Here we go again. When Bill Clinton suffered an electoral reversal after his first two years in office, he abruptly embraced the corporate money guys who had financed his congressional opposition in an effort to purchase a second term.
On Tuesday, in his Wall Street Journal op-ed piece, Barack Obama veered sharply down that same course, trumpeting his executive order "to remove outdated regulations that stifle job creation and make our economy less competitive."
He employed the same "creating a 21st-century regulatory system" rationalization used by Clinton when he signed off on the sweeping deregulation legislation that unleashed the Wall Street greed that ended up being the biggest job-killer since the Great Depression.
"Over the (past) seven years, we have tried to modernize the economy," Clinton enthused as he signed the Financial Services Modernization Act that repealed key New Deal legislation, adding, "And today what we are doing is modernizing the financial services industry, tearing down those antiquated laws and granting banks significant new authority." Modernizing was the propaganda constant, as in the Commodity Futures Modernization Act that Clinton signed, thus shielding financial derivatives from any government regulation.
That deregulation, as Obama concedes in his WSJ column, led to "a lack of proper oversight and transparency (that) nearly led to the collapse of the financial markets and a full-scale depression." But Obama now promises that his deregulation efforts will be more sensibly targeted and will "bring order to regulations that have become a patchwork of overlapping rules, the result of tinkering by administrations and legislatures of both parties and influence of special interests in Washington over decades."
When he wrote that he intends to accomplish this revamp "with more input from experts, businesses and ordinary citizens," did he have in mind his two new key White House advisers who were the most effective advocates for those special interests?
Tom Donilon, Obama's national security adviser, was the Washington lobbyist for the housing behemoth Fannie Mae, which will cost taxpayers $700 billion because of its marketing of toxic derivatives. Obama's new chief of staff, William Daley, was the lead Washington representative for a similarly afflicted JPMorgan Chase. These are the folks, along with many other Wall Street alums in this administration, who will oversee the latest update of already weakened regulations.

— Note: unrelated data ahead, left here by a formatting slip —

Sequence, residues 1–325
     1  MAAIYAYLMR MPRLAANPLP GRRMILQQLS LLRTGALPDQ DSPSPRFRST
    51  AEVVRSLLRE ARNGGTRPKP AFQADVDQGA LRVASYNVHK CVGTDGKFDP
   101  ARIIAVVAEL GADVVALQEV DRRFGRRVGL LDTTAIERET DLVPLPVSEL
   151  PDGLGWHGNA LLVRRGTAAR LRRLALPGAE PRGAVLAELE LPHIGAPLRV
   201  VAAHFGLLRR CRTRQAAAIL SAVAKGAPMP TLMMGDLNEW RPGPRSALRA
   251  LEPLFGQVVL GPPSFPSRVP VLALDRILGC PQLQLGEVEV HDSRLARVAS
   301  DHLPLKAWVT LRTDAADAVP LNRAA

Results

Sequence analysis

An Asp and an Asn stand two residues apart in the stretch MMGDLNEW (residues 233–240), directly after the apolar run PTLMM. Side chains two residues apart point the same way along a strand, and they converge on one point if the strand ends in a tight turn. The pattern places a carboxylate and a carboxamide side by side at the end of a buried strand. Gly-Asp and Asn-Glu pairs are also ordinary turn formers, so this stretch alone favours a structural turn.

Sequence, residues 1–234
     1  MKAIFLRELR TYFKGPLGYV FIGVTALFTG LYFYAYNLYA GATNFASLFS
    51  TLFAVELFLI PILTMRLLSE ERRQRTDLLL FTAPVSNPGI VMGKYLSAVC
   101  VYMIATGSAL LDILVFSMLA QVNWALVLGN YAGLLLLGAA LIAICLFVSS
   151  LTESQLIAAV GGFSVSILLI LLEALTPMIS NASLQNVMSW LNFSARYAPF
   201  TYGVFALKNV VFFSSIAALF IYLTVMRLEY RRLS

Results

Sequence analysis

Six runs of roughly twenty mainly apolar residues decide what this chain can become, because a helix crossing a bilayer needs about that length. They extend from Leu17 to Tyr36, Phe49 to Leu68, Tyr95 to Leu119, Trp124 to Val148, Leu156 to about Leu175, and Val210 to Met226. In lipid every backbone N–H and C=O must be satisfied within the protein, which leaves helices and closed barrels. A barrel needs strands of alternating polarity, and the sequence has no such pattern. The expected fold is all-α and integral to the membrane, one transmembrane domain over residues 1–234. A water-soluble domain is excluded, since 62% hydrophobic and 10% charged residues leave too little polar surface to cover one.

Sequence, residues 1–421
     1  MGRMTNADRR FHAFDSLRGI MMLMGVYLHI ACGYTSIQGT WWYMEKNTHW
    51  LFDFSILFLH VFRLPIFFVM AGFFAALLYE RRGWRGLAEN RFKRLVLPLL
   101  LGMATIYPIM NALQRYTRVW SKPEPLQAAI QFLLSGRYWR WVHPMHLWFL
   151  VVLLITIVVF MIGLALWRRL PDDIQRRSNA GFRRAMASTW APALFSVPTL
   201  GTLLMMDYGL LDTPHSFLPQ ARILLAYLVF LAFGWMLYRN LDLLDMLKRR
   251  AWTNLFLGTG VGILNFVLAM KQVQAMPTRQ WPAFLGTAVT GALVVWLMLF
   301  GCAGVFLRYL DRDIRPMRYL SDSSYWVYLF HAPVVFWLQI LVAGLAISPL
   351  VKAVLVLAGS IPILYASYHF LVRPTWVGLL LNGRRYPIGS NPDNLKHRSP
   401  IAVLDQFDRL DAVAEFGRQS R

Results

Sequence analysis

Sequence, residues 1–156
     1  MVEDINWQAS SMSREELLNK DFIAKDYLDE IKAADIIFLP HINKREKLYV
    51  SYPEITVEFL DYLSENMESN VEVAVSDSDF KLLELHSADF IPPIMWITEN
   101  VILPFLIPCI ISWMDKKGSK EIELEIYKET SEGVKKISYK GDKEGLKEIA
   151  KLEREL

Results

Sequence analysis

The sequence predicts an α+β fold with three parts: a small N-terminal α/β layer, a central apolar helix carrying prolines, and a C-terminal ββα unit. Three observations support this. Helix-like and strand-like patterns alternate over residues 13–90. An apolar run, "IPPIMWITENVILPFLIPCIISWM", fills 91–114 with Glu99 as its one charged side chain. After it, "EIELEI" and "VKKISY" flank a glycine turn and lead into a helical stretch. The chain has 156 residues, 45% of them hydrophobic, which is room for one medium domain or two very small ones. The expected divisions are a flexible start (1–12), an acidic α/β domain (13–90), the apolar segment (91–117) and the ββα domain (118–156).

The first target will be the administration's puny efforts to protect consumers. "The move is the latest effort by the White House to repair relations with corporate America," the Wall Street Journal's report on Obama's column stated. "Business leaders say an explosion in new regulations stemming from the president's health care and financial regulatory overhauls has, along with the sluggish economy, made them reluctant to spend on expansion and hiring. Companies are sitting on nearly $2 trillion in cash and liquid assets, the most since World War II."
This is a case of corporate blackmail pure and simple. The economy is sluggish because of a housing crisis that shows no sign of improvement. It stands history on its head to blame government financial regulations that had worked splendidly for six decades for the meltdown or the failure to fix a housing market that is the key to improved consumer spending.
Fixing housing would require efforts to keep the 50 million Americans whose mortgages are underwater in their homes. But the government bailouts under both George W. Bush and Obama have not required any significant cramp-down or reappraisal of mortgages by banks to enable people to stay in their homes. Instead the Fed and Treasury have flooded the banks and top corporations with cheap money and bailouts -- but, in the classic problem of pushing on a string, the corporate ingrates are hoarding that money.
Obama, and the party he heads, failed to provide a progressive narrative during November's election, holding the financial elite that created this mess responsible. The key issue is not big government or onerous regulation but rather transparency and fraud prevention. When you are evicted, it is a government agent -- a marshal or sheriff -- who will force you out, so shouldn't the government also be involved in assuring that the consumer is protected by a properly vetted contract?
Instead, the U.S. Chamber of Commerce spearheaded the marketing of an alternative narrative, as successful as it was devious, by Republican candidates that held regulation -- rather than deregulation -- responsible for the mess. Now Obama seems poised to join their ranks. As the WSJ reported:
"On Feb. 7, Mr. Obama will visit the U.S. Chamber of Commerce -- a chief opponent to his administration's regulatory approach -- for a discussion on how the White House can work with the group to create jobs. The efforts are designed to give companies more confidence in the president's stewardship of the economy, and bolster his re-election prospects among a wealthy constituency not traditionally allied with Democrats."
A constituency that Daley, Obama's new chief of staff, can faithfully represent, having received $5 million a year from JPMorgan Chase. And so ends the season of hope for the less wealthy constituency traditionally allied with Democrats.
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